26.10.2021 | Organic solar cells

A technology for the future?

Today's PV installations are mainly designed based on silicon solar cells. Researchers and industry are working on the development of organic solar cells. Organic solar cells are light, flexible, eco-friendly and inexpensive to manufacture. In terms of efficiency, they do not yet match the performance of silicon-based solar cells. However, research is making progress in this area. 

In addition to crystalline and amorphous solar cells, more information here, solar cells can also be made from organic compounds. In principle, "Organic Photovoltaics" (OPV) functions in the same way as crystalline modules and the solar power is generated through organic molecules or polymers. OPV comprises various materials from organic chemistry, i.e. hydrocarbon compounds. Organic solar cells are also referred to as polymer or plastic solar cells. The electrodes contain metal or inorganic oxides, for example indium tin oxide. 

There are countless ways to manufacture organic semiconductors. Researchers have to find the best materials to achieve the highest possible degree of efficiency. That can only be determined through a trial and error process. 

Advantages and disadvantages of organic solar cells

The comparison between OPV and common crystalline solar cells reveals a range of advantages and disadvantages.

Positives: 

  • The manufacture of organic solar cells is much less energy intensive as compared to that of crystalline solar cells because no high-temperature process is required. OPVs are light, flexible and owing to their inexpensive manufacturing costs, much cheaper than silicon-based solar cells.
  • Very little material is needed to manufacture organic solar cells. OPVs can be applied to stiff or flexible materials. Since no harmful substances are used in the manufacturing process, organic solar cells are very environmentally friendly.
  • OPVs have a very broad light spectrum and also work effectively under low light conditions. 

Negatives: 

  • The efficiency of organic solar cells is much lower as compared to common solar cells. On average, efficiency is about 7 to 8 per cent, whereas silicon-based solar cells have an efficiency rate of about 20 per cent. Nevertheless: Under laboratory conditions significantly improved results have been achieved using materials from synthetic organic chemistry. The Fraunhofer ISE in collaboration with the University of Freiburg's Materials Research Center was able to achieve an efficiency rate of 14.9 per cent.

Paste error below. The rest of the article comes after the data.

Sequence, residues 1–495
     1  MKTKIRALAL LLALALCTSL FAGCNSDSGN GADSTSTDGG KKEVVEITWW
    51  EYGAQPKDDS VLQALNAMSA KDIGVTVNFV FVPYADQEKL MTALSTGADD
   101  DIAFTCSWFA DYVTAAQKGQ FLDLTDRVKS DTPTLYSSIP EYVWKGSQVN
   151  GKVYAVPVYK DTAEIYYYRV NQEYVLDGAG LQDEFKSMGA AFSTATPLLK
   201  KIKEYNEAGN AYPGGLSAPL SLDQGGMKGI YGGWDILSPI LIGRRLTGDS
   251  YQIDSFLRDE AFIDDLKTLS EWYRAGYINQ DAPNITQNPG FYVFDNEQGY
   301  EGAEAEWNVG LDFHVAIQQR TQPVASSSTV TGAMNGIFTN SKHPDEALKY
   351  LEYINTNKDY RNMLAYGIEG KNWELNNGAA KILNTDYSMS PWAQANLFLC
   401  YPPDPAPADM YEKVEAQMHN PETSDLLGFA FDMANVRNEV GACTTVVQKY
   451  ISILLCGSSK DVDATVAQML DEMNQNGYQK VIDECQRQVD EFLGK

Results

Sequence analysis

• The surface requirements for OPV are high. In addition, the impacts of weather and long-term radiation on the performance of organic solar cells has not been sufficiently explored.
A wide range of applications

Owing to their specific characteristics, organic solar cells can be used in many areas. They can be integrated into façades and buildings. Thanks to their transparency, they can also be used on glass surfaces and, as a result, offer interesting fields of application for the building materials and auto industry. 

Organic solar cells also perform well under low light conditions. As a result, OPV technology is important as an electricity source in the Internet of Things (IoT) because it is particularly efficient indoors and in artificial light environments.

Thin film OPVs can also be used as coatings for clothing. The power generated in this way can, for example, charge a smart phone.

Solar cells with a future

Researchers are currently working under high pressure to increase the efficiency of organic solar cells in order to reduce this decisive disadvantage in comparison to silicon-based solar cells. 

The potential is certainly there. Common silicon-based modules, which currently have an efficiency rate of about 20 per cent, are limited in their development potential. For physical reasons, they can only use approximately 30 per cent of the incident solar radiation, which sets strong limitations on increasing efficiency. This barrier does not exist for organic solar cells. New materials are continuously being developed and no one knows their exact characteristics. So-called tandem solar cells are much easier and inexpensive to realise. Tandem solar cells are made of several semi-conductor layers that use different parts of the light spectrum. Organic semiconductors are applied in layers. Multi-layer solar cells can therefore be manufactured quite easily.

Photovoltaic experts think organic solar cells will become established in the long term. Professor Andreas Bolt, Head of Research at Fraunhofer ISE, is convinced that together with partners from industry OPV can be developed to market maturity. "With its flexible application possibilities, this technology, is an important, long-term component for the urgently needed expansion of photovoltaics as an important pillar for energy generation in a sustainable system."

 

You will find more information on the topic of solar here:

Alexandre Edmond Becquerel and the story of photovoltaics

Solar plants: How it works 

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